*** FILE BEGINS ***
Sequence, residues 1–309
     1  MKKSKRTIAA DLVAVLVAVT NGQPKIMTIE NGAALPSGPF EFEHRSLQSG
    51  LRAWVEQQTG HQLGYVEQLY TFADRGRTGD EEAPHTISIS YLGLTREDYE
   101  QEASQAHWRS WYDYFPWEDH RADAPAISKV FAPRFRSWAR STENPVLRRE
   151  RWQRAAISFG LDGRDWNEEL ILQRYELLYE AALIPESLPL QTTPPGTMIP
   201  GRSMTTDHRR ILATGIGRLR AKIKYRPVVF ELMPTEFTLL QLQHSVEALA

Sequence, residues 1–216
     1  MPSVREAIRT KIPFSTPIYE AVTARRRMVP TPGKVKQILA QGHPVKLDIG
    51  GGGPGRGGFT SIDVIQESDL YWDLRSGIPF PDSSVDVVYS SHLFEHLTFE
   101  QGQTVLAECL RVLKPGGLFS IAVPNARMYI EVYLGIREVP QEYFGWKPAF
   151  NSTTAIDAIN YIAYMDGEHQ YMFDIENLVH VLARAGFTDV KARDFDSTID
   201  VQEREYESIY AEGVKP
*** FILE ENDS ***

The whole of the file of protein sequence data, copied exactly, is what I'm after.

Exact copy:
Sequence, residues 1–309
     1  MKKSKRTIAA DLVAVLVAVT NGQPKIMTIE NGAALPSGPF EFEHRSLQSG
    51  LRAWVEQQTG HQLGYVEQLY TFADRGRTGD EEAPHTISIS YLGLTREDYE
   101  QEASQAHWRS WYDYFPWEDH RADAPAISKV FAPRFRSWAR STENPVLRRE
   151  RWQRAAISFG LDGRDWNEEL ILQRYELLYE AALIPESLPL QTTPPGTMIP
   201  GRSMTTDHRR ILATGIGRLR AKIKYRPVVF ELMPTEFTLL QLQHSVEALA

Sequence, residues 1–216
     1  MPSVREAIRT KIPFSTPIYE AVTARRRMVP TPGKVKQILA QGHPVKLDIG
    51  GGGPGRGGFT SIDVIQESDL YWDLRSGIPF PDSSVDVVYS SHLFEHLTFE
   101  QGQTVLAECL RVLKPGGLFS IAVPNARMYI EVYLGIREVP QEYFGWKPAF
   151  NSTTAIDAIN YIAYMDGEHQ YMFDIENLVH VLARAGFTDV KARDFDSTID
   201  VQEREYESIY AEGVKP